The lie and your brain
Everybody has told a “little white lie” once in awhile right? To many people, lying seems to be something that they do all day everyday. And we know that lying has spiritual ramifications, meaning it’s something that we shouldn’t be doing. But have you ever wondered what happens to your physical brain when you tell a lie? That’s what we’re going to go through today so hang on!
What harm could telling a small lie do? How much damage can a really do? To answer that question we have to look at a part of the brain called the Cingulate Cortex.
Lying is a result of fear operating in a person’s life
First of all we have to realize that the Cingulate Cortex is wired to tell the truth. That means when you tell a lie… your brain knows it and what it does with that lie is really kind of interesting.
Cortisol is the stuff that makes you gain a lot of weight
This part of the brain signals other parts of the brain to do the things that it’s supposed to do on a daily basis but when we lie the Cingulate Cortex is not allowed to perform the natural functions, so it becomes stressed and releases stress hormones and Cortisol. Cortisol is the stuff that makes you gain a lot of weight! Other areas that it will affect will be attention, memory, blood pressure, appetite, digestion, metabolism and lack of sleep just to name a few. We also have to consider the mood swings, depression, irritability, difficulty, controlling one’s temper and the fight or flight response.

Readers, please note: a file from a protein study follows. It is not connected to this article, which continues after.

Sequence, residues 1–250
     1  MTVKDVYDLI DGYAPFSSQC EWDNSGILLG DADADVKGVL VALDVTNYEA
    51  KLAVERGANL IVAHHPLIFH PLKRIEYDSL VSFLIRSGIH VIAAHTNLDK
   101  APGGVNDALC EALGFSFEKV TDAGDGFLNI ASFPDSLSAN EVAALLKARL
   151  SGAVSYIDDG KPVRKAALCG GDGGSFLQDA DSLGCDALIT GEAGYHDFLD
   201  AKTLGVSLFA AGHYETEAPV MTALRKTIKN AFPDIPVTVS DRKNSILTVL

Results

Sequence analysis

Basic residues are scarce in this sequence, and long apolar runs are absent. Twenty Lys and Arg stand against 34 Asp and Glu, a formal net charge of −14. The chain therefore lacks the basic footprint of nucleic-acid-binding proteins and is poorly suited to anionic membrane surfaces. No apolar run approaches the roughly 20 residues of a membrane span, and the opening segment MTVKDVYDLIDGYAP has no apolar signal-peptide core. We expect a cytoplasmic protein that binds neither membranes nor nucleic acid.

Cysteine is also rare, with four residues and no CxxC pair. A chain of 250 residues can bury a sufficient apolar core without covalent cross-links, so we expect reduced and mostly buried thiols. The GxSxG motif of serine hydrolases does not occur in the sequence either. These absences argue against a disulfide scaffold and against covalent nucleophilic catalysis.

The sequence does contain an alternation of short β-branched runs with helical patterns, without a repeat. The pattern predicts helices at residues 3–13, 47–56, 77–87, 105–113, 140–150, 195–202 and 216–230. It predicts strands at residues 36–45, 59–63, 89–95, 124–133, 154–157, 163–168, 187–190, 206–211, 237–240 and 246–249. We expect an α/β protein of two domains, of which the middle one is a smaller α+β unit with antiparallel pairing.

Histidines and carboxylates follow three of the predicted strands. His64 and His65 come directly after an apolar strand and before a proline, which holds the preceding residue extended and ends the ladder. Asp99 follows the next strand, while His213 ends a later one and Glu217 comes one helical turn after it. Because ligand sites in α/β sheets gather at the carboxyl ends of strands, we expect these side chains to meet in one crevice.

You can actually become addicted to lying
To those of you that have studied this you may recognize that this has many similarities to the physiological effect of addiction. That’s right! You can actually become addicted to lying. Lying is a result of fear operating in a person’s life. They are afraid and what someone might say or think or do if they knew the truth, and so they lie.
How does all of this fit in with a person’s temperament? I’m glad you asked that question! Within the five different temperaments (The Melancholy, The Choleric, The Sanguine, The Supine and The Phlegmatic) and thousands of various blends of temperament we have what we call temperament needs.
Getting these Temperament Needs met is vital and that is where fear comes in.
We become afraid that we will not get these temperament needs met and so we may begin lying in order to accomplish our goals.
Look for Fridays post where we complete this topic!